What kitchen appliance features sharp blades that spin at incredible speeds: A blender or a food processor? Well, both, actually. While blenders and food processors have many similarities, these appliances serve some very different purposes. A blender is typically better for liquids and is used to create things like smoothies, while a food processor is used for more labor-intensive tasks, such as mixing dough or slicing vegetables. Of course, some blenders are powerful enough to handle the tasks meant for a food processor (and vice versa). For now, however, let’s just take a look at the basic differences between a blender and a food processor.
If you’ve ever shopped for a food processor, you’ve probably noticed a long list of the appliance’s skills listed on the package, including chopping, slicing, shredding, mixing, and pureeing. While blenders have become more capable over the years, they still don’t do much more than blend. Sure, a powerful blender will crush ice, and top-of-the-line blenders like the Vitamix 5200 are capable of making everything from ice cream to nut butter, but your typical blender isn’t going to be able to handle the number of tasks that a food processor can.
|Soups and purees||Best||Capable|
|Baking (doughs and crusts)||No||Capable|
As you can see in the chart above, there’s a considerable amount of crossover between these appliances. However, they both excel at different tasks.
Blenders, for instances, are typically built with features that make them ideal for making smoothies. While some blenders have easy-to-pour reservoirs, others are made so that you can drink out of the same cylinder that you use to make your smoothie. Blenders also handle liquids much better than food processors, which makes them ideal for making soups or other light sauces.
The Magic Bullet NutriBullet, for example, can whip up a nutritious smoothie with ease. While we wouldn’t recommend it for making butters and breads, it is powerful enough to grind up nuts, veggies, and other potential smoothie ingredients.
Food processors, on the other hand, are ideal for more labor-intensive tasks, like making dough. Food processors have wide mixing bowls — which make it easy to add in ingredients — and typically come with various attachments, giving you the ability to slice carrots, shred cheese, or mix dough.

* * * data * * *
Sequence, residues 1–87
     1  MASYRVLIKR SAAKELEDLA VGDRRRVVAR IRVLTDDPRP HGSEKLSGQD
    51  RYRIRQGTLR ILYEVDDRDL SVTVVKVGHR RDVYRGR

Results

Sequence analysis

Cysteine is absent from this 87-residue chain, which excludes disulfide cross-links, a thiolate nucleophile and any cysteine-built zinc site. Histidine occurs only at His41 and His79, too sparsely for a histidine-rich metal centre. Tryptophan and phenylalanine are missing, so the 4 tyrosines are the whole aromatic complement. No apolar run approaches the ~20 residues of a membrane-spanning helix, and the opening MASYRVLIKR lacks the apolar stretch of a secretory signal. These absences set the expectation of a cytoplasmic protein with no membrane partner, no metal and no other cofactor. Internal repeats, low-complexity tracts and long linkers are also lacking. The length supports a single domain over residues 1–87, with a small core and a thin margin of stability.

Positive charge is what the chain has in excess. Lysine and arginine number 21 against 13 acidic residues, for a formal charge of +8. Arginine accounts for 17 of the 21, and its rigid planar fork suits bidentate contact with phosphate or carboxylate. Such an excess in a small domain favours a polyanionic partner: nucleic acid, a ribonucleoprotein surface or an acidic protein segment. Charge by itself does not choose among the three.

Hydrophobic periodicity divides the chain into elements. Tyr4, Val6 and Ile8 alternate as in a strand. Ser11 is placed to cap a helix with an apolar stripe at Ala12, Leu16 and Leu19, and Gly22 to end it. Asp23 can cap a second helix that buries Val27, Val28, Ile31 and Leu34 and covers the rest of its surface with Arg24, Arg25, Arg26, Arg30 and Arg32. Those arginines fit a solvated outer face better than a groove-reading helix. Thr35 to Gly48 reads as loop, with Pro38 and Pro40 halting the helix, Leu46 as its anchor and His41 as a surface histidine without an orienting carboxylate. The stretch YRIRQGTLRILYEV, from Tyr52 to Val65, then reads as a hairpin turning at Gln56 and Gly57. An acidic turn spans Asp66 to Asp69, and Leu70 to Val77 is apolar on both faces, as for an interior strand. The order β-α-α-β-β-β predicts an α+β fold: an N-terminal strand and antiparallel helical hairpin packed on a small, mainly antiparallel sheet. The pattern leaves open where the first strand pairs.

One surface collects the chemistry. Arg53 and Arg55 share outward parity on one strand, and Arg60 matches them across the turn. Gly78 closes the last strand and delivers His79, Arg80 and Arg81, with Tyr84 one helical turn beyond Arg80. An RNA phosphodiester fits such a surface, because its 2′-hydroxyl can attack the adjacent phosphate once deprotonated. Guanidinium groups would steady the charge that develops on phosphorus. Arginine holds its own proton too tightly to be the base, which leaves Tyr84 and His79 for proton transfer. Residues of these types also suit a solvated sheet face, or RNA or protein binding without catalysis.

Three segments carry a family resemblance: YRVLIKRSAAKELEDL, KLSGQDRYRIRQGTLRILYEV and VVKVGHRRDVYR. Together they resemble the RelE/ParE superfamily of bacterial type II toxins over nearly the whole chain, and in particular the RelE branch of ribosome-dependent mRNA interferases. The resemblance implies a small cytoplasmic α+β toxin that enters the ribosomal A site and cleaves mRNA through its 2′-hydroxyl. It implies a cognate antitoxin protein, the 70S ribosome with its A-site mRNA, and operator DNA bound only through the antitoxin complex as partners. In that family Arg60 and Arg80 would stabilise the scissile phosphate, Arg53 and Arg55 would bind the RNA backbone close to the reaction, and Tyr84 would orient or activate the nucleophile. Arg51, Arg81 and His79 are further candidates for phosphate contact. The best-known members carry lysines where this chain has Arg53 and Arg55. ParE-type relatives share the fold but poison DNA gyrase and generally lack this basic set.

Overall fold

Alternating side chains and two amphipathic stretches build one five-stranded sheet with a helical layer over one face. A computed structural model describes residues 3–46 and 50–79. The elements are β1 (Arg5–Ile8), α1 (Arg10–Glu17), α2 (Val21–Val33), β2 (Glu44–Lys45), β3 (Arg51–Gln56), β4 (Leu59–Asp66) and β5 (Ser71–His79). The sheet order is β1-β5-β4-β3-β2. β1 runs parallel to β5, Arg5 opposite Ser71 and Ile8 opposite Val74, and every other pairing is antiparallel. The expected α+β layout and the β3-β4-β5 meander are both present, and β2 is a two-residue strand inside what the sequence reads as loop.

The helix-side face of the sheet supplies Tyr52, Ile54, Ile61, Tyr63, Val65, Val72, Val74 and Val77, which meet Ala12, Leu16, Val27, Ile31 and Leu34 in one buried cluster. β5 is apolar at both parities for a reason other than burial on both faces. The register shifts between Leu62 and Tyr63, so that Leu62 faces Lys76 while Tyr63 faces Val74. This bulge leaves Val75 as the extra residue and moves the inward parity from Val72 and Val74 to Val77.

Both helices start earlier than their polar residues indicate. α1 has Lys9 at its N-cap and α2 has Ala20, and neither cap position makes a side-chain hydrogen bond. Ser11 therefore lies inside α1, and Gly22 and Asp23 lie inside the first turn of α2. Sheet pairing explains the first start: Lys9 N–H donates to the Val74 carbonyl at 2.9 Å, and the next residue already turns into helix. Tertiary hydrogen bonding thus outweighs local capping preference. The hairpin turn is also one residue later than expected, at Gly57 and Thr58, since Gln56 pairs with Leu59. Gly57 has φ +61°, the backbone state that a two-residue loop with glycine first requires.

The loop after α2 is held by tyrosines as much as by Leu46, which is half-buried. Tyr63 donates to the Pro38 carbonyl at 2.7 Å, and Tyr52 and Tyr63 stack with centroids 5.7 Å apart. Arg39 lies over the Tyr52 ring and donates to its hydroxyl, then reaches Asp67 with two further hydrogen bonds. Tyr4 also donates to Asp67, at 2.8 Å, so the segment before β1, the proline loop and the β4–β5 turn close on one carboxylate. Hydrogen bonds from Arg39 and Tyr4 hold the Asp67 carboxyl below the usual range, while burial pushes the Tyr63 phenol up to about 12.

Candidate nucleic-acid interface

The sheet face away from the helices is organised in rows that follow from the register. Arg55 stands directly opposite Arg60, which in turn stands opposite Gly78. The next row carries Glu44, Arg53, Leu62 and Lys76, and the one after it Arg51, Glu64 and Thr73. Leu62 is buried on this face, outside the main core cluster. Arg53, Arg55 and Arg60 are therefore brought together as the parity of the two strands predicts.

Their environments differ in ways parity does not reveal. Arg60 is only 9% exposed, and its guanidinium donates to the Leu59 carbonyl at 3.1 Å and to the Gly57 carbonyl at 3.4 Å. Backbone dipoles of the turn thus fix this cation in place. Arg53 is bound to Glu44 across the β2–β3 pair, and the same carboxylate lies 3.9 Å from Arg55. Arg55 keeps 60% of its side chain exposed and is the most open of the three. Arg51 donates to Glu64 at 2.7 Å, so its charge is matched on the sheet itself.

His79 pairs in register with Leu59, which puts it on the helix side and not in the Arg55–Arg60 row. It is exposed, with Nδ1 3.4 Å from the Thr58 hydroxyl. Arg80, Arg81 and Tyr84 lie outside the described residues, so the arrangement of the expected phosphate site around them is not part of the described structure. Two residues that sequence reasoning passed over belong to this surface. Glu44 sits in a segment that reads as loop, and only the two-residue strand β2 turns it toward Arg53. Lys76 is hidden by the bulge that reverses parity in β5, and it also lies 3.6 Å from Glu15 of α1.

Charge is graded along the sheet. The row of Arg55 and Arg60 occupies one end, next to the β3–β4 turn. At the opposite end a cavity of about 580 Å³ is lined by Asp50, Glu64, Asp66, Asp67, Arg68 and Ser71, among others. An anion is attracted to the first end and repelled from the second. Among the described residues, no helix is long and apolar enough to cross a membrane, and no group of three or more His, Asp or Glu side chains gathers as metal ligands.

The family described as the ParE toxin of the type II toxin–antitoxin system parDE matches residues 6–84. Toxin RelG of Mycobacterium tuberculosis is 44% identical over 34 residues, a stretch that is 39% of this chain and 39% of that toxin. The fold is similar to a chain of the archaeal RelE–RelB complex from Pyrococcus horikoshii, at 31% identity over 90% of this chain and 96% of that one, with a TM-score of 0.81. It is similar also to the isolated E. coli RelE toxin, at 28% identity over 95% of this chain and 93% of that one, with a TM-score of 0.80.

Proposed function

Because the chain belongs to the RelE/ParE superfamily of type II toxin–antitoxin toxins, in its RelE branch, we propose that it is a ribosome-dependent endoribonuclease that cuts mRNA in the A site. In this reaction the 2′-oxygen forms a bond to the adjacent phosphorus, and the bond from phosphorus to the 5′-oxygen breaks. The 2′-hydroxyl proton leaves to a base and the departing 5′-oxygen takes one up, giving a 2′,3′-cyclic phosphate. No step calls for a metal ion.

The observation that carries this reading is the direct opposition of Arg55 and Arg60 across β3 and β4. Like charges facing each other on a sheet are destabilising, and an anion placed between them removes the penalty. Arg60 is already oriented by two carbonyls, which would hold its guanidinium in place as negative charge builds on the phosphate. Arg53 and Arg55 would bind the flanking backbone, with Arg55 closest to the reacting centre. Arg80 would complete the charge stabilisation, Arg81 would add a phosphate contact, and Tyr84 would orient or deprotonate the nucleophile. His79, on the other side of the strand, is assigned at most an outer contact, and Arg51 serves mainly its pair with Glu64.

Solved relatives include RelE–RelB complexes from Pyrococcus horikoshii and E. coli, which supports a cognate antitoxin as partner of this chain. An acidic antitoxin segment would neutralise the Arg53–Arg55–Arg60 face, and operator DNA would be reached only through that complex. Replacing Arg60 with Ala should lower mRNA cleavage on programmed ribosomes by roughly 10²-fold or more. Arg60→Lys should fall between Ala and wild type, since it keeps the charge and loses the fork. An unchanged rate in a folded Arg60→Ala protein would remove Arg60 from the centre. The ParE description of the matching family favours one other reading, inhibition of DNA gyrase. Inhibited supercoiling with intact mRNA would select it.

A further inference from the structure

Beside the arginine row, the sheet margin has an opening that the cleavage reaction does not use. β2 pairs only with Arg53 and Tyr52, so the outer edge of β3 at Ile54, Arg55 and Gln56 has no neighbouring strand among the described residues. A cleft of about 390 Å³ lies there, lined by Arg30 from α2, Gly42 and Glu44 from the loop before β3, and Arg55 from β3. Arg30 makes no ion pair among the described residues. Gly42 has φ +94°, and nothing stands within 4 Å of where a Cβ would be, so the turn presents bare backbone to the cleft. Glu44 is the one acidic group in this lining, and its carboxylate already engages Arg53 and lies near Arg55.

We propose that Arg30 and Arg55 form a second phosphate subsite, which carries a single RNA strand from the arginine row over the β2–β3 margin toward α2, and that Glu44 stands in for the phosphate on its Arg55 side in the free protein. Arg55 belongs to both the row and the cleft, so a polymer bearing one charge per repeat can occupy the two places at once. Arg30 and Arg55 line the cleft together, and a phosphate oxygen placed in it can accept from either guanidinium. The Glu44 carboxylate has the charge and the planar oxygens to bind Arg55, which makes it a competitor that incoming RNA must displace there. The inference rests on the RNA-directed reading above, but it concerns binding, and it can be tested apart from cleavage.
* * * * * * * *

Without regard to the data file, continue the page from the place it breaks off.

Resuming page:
The Hamilton Beach 10-Cup Food Processor is a good example of what you should expect from this type of appliance. It has a large mixing bowl, a pulse setting, multiple speeds, and blade attachments for slicing, shredding, and chopping. It also comes with a “bowl scraper,” an attachment that automatically scrapes sticky doughs and batters from the walls of the bowl.
Whereas a food processor is a great tool for bakers, a blender is a great choice for someone who likes a liquid lunch (either cocktails or smoothies). But what if you want both? There used to be a pretty clear line between blenders and food processors, but that isn’t the case anymore. It’s not uncommon for high-end blenders to be sold with multiple attachments, which gives them the ability to tackle a number of extra tasks. The recipe book for the Vitamix 5200, for instance, includes smoothies, nut butters, bread dough, cocktails, and cake mixes.
So what appliance is right for you? Simply speaking, a blender is a better option for items with a lot of liquid, like smoothies and soups, and a food processor is slick for thicker items like doughs and butters. And since the line between food processor and blender has, well, blended, you can find high-end appliances that handle both tasks admirably.